Squid Game might have been released four months ago, but that did not stop a fellow Squid Game watcher from drawing parallels to the show after receiving a suspicious-looking letter from the Singapore Police Force (SPF).
Stamped in bright red ink on the front are the words “Do not ignore this letter” with the Police Force’s logo at the top left corner. No mailing address. No addressee name. Sus.
After receiving the letter, the Reddit user took to the platform on Tuesday (12 January 2022) to share with the Singapore subreddit community the supposed “squid game vibes” from the letter.
Reddit Comments Turned Conspiracy Theories
Reddit users began to comment on the appearance of the letter, with some making references to chain letters they used to receive.
Yes, they deserved an upvote.
“Do not ignore this letter. You must pass this on to at least 3 people by tonight or you will experience bad luck for the next 10 years,” one comment read. Throwback to the times you sent this to your friends right?
Another user also commented, referencing one of the show’s iconic games but in a more local context. “Next time don’t play the eraser flipping game with weird insurance agents at MRT stations.”
Other users claimed that it looked like a scam letter, which is what the content inside the letter actually proved to be advising the public on. What an ironic twist of events.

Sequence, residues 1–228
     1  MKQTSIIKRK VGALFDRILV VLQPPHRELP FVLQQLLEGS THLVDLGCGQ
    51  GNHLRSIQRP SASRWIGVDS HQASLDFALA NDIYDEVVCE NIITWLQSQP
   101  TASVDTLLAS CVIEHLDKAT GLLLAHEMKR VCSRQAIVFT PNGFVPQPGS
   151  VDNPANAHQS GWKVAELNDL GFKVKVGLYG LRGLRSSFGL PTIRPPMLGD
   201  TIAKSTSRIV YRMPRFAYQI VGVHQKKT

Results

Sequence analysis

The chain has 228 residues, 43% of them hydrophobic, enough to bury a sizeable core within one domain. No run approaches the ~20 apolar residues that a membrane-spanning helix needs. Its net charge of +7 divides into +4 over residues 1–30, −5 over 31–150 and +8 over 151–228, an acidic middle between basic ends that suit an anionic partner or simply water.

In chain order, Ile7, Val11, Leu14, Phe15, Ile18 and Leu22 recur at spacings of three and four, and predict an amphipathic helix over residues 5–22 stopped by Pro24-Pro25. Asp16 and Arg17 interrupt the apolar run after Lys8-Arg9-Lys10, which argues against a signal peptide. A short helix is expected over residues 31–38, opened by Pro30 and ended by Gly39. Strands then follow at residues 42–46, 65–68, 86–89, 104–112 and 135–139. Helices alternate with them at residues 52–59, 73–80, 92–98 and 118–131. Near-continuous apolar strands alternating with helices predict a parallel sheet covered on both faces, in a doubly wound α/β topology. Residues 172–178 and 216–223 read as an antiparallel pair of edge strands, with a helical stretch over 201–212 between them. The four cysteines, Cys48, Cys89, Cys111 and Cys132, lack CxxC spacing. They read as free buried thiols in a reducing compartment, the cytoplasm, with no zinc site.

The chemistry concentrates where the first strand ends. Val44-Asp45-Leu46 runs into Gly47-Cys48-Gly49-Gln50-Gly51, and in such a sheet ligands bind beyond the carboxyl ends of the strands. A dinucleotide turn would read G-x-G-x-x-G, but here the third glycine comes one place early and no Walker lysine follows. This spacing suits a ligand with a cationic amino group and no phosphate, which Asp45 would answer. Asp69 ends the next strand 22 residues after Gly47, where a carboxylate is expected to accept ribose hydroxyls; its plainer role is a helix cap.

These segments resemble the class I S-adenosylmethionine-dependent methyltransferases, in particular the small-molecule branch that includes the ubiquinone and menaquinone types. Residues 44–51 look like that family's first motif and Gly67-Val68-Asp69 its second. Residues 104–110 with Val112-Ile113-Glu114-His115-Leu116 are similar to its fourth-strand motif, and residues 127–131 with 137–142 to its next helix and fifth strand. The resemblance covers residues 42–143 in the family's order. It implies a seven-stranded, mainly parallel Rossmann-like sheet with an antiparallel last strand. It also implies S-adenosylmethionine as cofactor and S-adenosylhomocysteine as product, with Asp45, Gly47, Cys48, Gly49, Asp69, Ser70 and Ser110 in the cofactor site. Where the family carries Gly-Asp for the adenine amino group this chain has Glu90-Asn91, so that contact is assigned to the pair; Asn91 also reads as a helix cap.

Anti-Scam Campaign Measure
After much speculation, the original poster clarified that the content of the letter was a new year greeting providing advice on scams.
This was part of the measures in the anti-scam campaign “Spot the Signs, Stop the Crimes” launched in 2020 by the National Crime Prevention Council (NCPC) and SPF. The campaign was set up in response to a rise in scam cases which increased by 16 per cent from 7,247 cases in 2020 to 8,403 cases in 2021.
With the drastic rise in scam cases, it is not surprising that SPF would send out mass letters to the community to educate the public on scams. Due to COVID-19, many are now unemployed and seeking fast employment to earn cash, resulting in Singaporeans being less vigilant when assessing offers that are too good to be true.
In case you want to find out more about anti-scam measures in Singapore, check out some of the videos that we did with SPF here:
- ‘Ferrari Woman’ Paid Man $2,000 to ‘Improve Prison Life’ But It Turned Out to be a Scam
- Telegram Job Scams Are Now Raging in Singapore; Here’s How It Works
- S’pore is Open to the Idea of ‘Lifetime Smoking Ban’ For Certain People Like The New Zealand Law
Featured Image: Reddit (u/JiPaiHongGanLiao)